Port Blair, July 5: World Zoonoses Day is observed on July 6th every year to raise awareness about the risk of zoonotic diseases, which are diseases that can be transmitted from animals to humans. The day commemorates the work of French Biologist Louis Pasteur, who successfully administered the first vaccine against rabies, a zoonotic disease, on July 6, 1885. The observance emphasizes the importance of understanding zoonoses, improving control and prevention measures, and promoting the One Health approach.

The One Health program is vital because it promotes an integrated approach to health that recognizes the interconnectedness of human, animal, and environmental health. Here are some key reasons for its importance: Emerging Infectious Diseases, Antimicrobial Resistance, Food Safety and Security, Environmental Health, Economic Benefits, Biodiversity and Ecosystem Health, and Policy and Education.

Zoonotic infections can infect humans directly or through food, water, the environment, or other unorthodox means. They can also be bacterial, viral, parasitic, or involve other unusual agents. Because of our intimate ties to animals in the natural world, in agriculture, and as companions, they pose a serious threat to global public health. Humans can become infected with zoonotic infections through any point of contact with domestic, wild, or agricultural animals. Markets that sell wild animal meat or by-products are especially vulnerable since some wild animal populations are known to harbour a significant number of novel or unrecognized diseases. Workers in the agricultural sector may be more vulnerable to infections resistant to the antimicrobial medications now on the market if antibiotic use for farm animals is high in the area. People who live near wilderness regions or in semi-urban settings where there are more wild animals present run the risk of contracting diseases from rodents like rats, foxes, or raccoons.

Andaman and Nicobar Islands present a varied and complex challenge due to the unique ecological and geographical features of the region. Key zoonotic diseases in this area include leptospirosis, malaria, dengue, chikungunya, influenza (swine-flu), and several other vectorborne illnesses. These Islands are considered free from rabies. The Islands also faces issues with diseases affecting aquatic animals, which can indirectly impact human health. For example, diseases in freshwater fish populations can affect local food security and livelihoods.

Efforts to control and prevent these zoonotic diseases involve interdisciplinary approaches under the One Health framework, which integrates human, animal, and environmental health strategies.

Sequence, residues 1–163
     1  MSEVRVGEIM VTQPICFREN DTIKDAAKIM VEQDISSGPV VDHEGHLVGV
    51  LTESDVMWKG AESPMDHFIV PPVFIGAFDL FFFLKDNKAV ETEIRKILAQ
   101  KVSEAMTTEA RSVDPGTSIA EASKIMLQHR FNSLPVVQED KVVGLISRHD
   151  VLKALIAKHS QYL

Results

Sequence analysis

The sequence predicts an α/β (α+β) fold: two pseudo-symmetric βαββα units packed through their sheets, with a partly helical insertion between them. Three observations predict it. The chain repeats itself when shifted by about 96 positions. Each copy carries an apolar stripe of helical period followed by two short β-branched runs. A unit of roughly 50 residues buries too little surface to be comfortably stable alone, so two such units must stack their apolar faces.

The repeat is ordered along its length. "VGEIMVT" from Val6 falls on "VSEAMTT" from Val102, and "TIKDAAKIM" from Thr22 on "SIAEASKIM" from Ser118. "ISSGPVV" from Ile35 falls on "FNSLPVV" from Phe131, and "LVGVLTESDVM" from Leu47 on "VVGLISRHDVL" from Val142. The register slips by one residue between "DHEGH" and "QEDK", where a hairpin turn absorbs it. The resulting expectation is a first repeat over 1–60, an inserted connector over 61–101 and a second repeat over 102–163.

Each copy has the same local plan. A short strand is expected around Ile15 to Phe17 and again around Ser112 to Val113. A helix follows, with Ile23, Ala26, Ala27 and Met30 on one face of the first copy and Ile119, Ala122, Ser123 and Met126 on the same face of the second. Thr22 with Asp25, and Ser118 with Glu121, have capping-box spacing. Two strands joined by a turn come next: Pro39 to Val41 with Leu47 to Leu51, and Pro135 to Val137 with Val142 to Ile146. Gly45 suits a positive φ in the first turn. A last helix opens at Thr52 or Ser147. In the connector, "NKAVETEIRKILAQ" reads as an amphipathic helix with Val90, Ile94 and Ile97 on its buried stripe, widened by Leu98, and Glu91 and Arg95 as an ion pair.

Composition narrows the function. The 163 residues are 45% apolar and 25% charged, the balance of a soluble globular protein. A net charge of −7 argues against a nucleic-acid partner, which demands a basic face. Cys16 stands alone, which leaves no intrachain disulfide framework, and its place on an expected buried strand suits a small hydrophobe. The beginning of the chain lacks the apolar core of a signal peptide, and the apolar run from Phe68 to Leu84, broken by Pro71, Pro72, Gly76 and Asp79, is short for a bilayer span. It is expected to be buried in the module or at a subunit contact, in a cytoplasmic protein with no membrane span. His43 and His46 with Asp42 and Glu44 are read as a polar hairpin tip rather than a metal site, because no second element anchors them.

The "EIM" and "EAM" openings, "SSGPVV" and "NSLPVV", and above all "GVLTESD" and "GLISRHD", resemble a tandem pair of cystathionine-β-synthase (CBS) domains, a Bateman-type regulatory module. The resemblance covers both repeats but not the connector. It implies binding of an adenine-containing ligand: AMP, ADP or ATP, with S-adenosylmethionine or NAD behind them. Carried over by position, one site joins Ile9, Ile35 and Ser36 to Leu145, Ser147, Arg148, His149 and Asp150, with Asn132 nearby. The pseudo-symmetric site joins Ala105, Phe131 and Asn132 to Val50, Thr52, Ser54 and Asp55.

Leptospirosis is one of the most common emerging– re-emerging zoonoses, worldwide with special reference to South East Asian countries. This is a significant public health issue in the Andaman and Nicobar Islands. This is primarily transmitted through water contaminated by animal urine, especially from rodents, making the region's tropical climate and frequent flooding conducive to its spread. One of the reason for emergence and re-emergence in the recent past is due to global warming and climate change leads to extreme weather events such cyclones and floods and thus exposure of large number of people to contaminated water bodies prolonged time resulted in occurrence of epidemics and epizootics in several states.

The ICMR-Regional Medical Research Centre (ICMR-RMRC) in the Andaman and Nicobar Islands plays a crucial role in controlling leptospirosis in the region. ICMR-RMRC is WHO Collaborating Centre for Diagnosis, Research, Reference and Training in Leptospirosis.

The Directorate of Health Services (DHS) in the Andaman and Nicobar Islands plays a pivotal role in controlling leptospirosis through various strategic measures and initiatives. DHS conducts regular surveillance to monitor the incidence of leptospirosis. This includes collecting and analysing data on reported cases to identify trends, detect outbreaks early, and implement timely interventions. Furthermore, the DHS and Department of AH&VS organizes public awareness campaigns to educate the local population about leptospirosis, its modes of transmission, symptoms, and preventive measures.

The participation and cooperation of general public in the Andaman and Nicobar Islands are essential for effective prevention and management of the disease. Key roles of the public are understanding what leptospirosis is, how it spreads, and its symptoms is crucial, learning preventive measures; such as avoiding contact with potentially contaminated water and soil, and wearing protective clothing and footwear, especially during monsoon seasons or in flood prone areas; maintaining clean surroundings to reduce rodent habitats, proper disposal of garbage and food waste can help control the rodent population; engaging in community clean-up drives to remove potential breeding sites for rodents and other pests.